Disc golf courses can also occupy land that isn't good for much else. You see a wooded steep hillside and I see 18 holes. Also the sheer traffic of a DG course will deter crimes from being committed despite what the stereotypes of discgolfers would have people to believe.


*edit*

Brother Dave sniped my post.

:reallysadsmilie:
 
Who says disc golfers are the vandals ??

And yes I know pot is illegal but the reality is that a few folks smoking weed in the park should be so far down on the list of things to be concerned about to be inconsequntial IMO.

Does anyone know about the history of the parks in your area ? I know Hammock Park in Dunedin was built and designed by Boy Scouts
 
Often wondered about that myself, considering that DG courses seem to attract more vandalism than other typical uses for park land. Don't get me wrong - for the most part, DG'ers are pretty chill. But you simply can't deny that waaaayyy too many tee signs, baskets and stuff get trashed. More so than swing sets, grills, and other stuff parks can install.

Never recall seeing a bike rider or skater smoking pot. Not that I have a major problem with it, but I'm guessing the local Parks and Rec office isn't all that happy about the how much pot gets smoked on courses.

I can see whay some communities would take a look at neighboring courses and say, "You want us to put $$$ into a disc golf course? Are you serious?"

Agreed. Besides, you never see anyone getting shot and killed at an inner-city DG course over an argument!:thmbup:
 
When "selling" courses, in addition to the band-for-the-buck, I always use the "uses park areas not suitable for other activities (fields, courts, etc.)" one.

Edit: zenbot sniped my post but his was sniped by Brother Dave. Cripes!
 
Disc golf courses also utilize park land that no other activity can use... You aren't building your basketball court, baseball, football or soccer field near the creek...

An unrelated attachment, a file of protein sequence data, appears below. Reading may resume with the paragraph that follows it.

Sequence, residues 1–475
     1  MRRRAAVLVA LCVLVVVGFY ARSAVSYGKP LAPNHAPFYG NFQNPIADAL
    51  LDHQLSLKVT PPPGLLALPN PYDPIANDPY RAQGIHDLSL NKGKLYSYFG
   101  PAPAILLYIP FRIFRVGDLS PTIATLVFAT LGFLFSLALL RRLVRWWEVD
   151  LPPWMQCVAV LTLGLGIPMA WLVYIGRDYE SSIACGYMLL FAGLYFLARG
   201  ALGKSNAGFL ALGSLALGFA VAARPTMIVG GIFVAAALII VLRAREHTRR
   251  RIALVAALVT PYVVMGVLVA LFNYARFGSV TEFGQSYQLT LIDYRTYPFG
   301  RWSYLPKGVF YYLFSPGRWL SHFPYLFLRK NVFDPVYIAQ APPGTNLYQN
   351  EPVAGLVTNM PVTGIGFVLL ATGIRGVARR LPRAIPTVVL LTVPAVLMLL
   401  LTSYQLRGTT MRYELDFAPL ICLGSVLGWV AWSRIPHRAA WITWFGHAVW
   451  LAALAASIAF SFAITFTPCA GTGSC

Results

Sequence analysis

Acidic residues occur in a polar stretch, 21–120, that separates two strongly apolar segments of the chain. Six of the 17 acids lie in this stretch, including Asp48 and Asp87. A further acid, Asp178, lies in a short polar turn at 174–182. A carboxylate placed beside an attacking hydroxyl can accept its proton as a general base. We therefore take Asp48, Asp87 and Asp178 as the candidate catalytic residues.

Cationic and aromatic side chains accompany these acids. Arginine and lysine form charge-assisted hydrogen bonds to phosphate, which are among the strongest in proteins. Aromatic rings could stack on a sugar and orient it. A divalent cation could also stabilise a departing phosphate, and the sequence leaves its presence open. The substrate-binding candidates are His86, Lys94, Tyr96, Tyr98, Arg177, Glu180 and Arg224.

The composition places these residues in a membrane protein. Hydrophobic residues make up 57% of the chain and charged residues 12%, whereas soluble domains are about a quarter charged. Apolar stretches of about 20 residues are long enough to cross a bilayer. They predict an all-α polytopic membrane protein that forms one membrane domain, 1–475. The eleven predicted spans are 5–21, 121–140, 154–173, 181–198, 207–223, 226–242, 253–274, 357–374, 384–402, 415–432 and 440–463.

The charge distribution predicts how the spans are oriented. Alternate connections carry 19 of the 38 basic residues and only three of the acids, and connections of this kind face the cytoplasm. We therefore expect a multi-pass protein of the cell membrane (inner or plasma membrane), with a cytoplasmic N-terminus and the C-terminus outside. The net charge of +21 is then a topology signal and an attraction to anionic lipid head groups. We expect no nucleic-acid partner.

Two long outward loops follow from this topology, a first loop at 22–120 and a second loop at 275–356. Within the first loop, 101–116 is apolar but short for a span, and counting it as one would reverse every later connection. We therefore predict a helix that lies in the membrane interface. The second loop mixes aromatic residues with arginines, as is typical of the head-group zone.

The city wants to encourage physical activity and disc golf does so at value pricing.

Do you have to mow and maintain? Yes
Do you have to mow and maintain as often as other facilities in your park? No!
Do you have to manicure your grass like in baseball or soccer? No!
Do you have your more mature citizens (i.e. - me) outdoors, in the park, getting healthy? Yes!

As far as park use at discount pricing... nothing beats disc golf.
 
There are few parks employees who see folks smoking; you think everyone fires up as soon as they see a lawn mower coming through? For those parks employees that do see this activity; you would be surprised how many are also same breed. I wish everyone would quit talking about the smoking aspect. This site is quickly becoming one of the most viewed disc golf sites in the country/world. All of the talk of smoking is simply going to give a police visitor ideas....

Disc golf courses bring huge numbers of park participants into the parks. This is not what all parks and rec want; but, for those that do; the sport fills up their park in ways that no other activity can. I am partially responsible for an @200 team softball complex. Obviously, we fill that place up; often seven fields deep; five nights a week. So, on many nights, we are providing services for @600 persons. However, from a staffing stand point, we must provide @20 persons each night, plus the support staff of the grounds crew, administrative persons at the main office, etc.

Many of our local disc courses are seeing numbers per day that are nearly the same; and it's year round; while softball is only @6 months. No staff is needed for disc; expect for park's maintenance staff (and the park would be maintained regardless of disc in most cases). A disc course costs @20,000 to install (worst case scenario). Think of the cost of the lighting and field grading, and building concessions area, scoreboards, etc., that goes in to building and periodically upgrading a softball complex.